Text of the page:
The study of Taiwanese history by Western scholars

Apart from William Campbell's Formosa Under the Dutch and James Davidson's The Island of Formosa in 1903, most Western scholars came to Taiwan, Hong Kong, Macao and Thailand in the late 1960s for research in Chinese communities. Related organizations are: Taiwan Study Group of the association of Asian studies, Harvard-Yenching Institute, etc. Among them, the Utah Genealogical Society was dedicated to genealogical research in Taiwan and elsewhere, and compiled ancient folk documents collected as "Ancient Documents in Public and Private Collections in Taiwan" (5,691 items) with the help of Wang Shih-ching; In the 1970s, many masterpieces on Taiwan's history were published, and Kwang-chih Chang, the US-based archaeologist, hosted collaborative research projects on science and technology, such as the "Research Project on the Natural and Cultural History of the Turbid Great Basin" and the "Regional Research Project on China's Modernization" in the Institute of Modern History. While nurturing new talent for Taiwan history research, the "aboriginalization" and "interiorization" proposed by Li Guoqi and others also became important topics in Taiwanese history in the 1980s,[2] opening up new issues on the structure of urban-rural and urban settlement systems in Taiwan.[5]

From school of thought to dangerous school

The history of Taiwan in the post-war period, in the government's anti-communist restoration ideology in the early post-war period, Taiwan was built as ' anti-communist restoration base', only living for the Republic of China, hence the focus of official education was on Chinese history. Taiwanese had rather limited resources to study Taiwanese history. After the war, Yang Yun-ping advocated Taiwanese history, and it was not until 1983 that the first doctoral dissertation in Taiwanese history was published in the Institute of History in Taiwan. Between 1993 and 2004, the study of Taiwanese history moved towards school of thought, with forty percent of doctoral dissertations in history being on Taiwanese history. However, Chinese Taiwan Literature Collection and the Archives of Taiwan Studies in Collections surpassed the Taiwan Literature Series, which numbered in the hundreds of volumes in Taiwan; In addition to the task-based research on Taiwan history at Xiamen University, the Institute of Modern History of the Chinese Academy of Social Sciences, Nanjing and Wuhan, as well as the rapid training of students at Graduate Institute for Taiwan Studies of Xiamen University, there was a tendency to close in on local research on Taiwan history. In contrast, there are only two Taiwan History Institutes and no departments, so Taiwan history is in a dangerous school.[3]: 97–98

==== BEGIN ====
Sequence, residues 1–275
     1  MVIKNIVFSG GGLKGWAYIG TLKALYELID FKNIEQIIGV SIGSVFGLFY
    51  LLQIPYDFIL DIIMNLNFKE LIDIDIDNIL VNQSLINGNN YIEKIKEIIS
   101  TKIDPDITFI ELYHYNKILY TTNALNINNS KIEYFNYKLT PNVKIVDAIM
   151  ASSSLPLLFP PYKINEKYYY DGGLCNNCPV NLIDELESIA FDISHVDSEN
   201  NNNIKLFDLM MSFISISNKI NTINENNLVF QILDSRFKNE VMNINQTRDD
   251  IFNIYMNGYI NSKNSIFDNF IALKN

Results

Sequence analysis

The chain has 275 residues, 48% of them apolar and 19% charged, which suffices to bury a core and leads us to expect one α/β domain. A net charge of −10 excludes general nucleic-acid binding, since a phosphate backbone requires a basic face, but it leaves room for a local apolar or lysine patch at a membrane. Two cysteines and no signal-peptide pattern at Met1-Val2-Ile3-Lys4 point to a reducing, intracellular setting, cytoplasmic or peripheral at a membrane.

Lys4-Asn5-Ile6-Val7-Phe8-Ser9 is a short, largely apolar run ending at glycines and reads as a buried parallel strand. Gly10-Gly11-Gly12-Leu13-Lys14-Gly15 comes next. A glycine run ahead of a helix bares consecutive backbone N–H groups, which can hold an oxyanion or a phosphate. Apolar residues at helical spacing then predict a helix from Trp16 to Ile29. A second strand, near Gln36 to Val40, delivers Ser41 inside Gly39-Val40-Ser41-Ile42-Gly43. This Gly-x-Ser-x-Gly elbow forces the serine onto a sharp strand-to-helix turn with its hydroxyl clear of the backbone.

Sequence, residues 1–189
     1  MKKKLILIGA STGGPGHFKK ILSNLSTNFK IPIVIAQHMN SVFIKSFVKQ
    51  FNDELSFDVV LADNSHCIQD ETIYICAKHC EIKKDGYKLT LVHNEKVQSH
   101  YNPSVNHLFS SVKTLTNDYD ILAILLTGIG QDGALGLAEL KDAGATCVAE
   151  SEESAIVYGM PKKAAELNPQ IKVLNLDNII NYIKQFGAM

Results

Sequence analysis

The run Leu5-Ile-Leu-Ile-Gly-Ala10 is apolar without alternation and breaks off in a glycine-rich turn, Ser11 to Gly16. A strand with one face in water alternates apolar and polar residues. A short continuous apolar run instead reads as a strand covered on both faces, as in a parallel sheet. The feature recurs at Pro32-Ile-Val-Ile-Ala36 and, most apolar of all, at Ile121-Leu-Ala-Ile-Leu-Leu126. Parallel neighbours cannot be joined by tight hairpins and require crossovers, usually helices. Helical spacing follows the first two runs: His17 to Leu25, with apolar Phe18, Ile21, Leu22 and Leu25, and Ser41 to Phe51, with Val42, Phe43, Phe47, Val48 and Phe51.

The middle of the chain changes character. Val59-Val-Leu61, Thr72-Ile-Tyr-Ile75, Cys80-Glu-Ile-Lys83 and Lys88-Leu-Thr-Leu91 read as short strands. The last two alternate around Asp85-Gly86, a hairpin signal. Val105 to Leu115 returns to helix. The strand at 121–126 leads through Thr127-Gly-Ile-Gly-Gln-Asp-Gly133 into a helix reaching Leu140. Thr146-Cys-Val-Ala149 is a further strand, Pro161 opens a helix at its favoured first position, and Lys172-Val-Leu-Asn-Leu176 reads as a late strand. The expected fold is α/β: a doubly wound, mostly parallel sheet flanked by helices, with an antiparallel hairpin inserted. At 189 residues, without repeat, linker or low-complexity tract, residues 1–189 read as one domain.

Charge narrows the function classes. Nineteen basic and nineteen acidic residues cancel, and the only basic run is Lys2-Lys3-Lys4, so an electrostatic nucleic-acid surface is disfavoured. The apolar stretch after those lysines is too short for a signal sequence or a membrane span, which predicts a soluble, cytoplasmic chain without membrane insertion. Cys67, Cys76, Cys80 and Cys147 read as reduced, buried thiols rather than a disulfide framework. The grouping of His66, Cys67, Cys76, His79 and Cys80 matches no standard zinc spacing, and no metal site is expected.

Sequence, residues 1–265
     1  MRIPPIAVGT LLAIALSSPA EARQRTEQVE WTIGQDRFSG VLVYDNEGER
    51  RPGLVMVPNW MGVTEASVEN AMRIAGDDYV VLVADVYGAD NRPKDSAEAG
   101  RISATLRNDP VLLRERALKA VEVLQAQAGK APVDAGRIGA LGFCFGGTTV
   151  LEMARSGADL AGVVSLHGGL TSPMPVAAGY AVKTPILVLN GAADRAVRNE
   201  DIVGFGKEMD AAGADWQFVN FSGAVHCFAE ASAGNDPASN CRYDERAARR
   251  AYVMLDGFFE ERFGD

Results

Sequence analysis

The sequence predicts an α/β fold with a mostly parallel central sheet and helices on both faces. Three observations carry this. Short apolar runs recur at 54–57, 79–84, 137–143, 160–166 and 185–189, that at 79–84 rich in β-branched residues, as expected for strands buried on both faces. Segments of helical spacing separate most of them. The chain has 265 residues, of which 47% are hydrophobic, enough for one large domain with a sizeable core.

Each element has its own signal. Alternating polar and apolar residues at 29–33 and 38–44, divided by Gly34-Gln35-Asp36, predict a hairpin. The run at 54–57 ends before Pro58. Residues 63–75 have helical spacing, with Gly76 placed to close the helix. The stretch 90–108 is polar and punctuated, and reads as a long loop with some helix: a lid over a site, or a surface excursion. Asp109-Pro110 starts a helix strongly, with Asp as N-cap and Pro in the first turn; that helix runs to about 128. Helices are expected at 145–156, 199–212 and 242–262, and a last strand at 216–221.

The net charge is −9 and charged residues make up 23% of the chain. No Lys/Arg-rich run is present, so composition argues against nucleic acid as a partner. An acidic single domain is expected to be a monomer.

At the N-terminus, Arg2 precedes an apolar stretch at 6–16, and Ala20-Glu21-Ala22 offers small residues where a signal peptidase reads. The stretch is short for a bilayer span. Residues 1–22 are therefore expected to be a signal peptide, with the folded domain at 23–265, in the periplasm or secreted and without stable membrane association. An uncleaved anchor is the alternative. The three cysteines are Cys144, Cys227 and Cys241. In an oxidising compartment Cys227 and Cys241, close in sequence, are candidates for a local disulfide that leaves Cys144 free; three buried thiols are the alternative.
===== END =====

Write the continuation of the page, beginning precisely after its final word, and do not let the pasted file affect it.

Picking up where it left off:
1. ^ Wu Mi-cha (2006). "「歷史」的出現:台灣史學史素描" [The Emergence of "History": A Sketch of Taiwan's Historical History]. Contemporary (in Chinese) (224): 42-49.
  2. ^ a b Zhang Longzhi. "斷裂與匯聚:當代臺灣史研究的多重知識系譜" [Rupture and Convergence: Multiple Spectrums of Knowledge in Contemporary Taiwan History Research]. Weekly Report (in Chinese). Academia Sinica (1274): 6–8.
  3. ^ a b c d Xu Xueji (2010). "台灣史研究三部曲:由鮮學經顯學到險學" [A trilogy of studies on Taiwan history: from Xianxue through Xianxue to Dangerology]. Ideas (in Chinese). 16 (71–72).
  4. ^ Du Zhengsheng (30 December 2016). "後現代與前近代之間──我的轉折所見臺灣史學的一些面向" [Between postmodernity and premodernity – my turning point in Taiwanese historiography – some aspects]. Taiwan Research Institute (in Chinese). Evergreen University. 29 (18).
  5. ^ Lin Yuru; Lee Yuzhong. "戰後以來臺灣地區臺灣史研究的回顧(1845-2000)" [A Review of Post-War Research on Taiwan History in Taiwan (1845-2000)] (PDF). Academia Sinica (in Chinese) (8–9).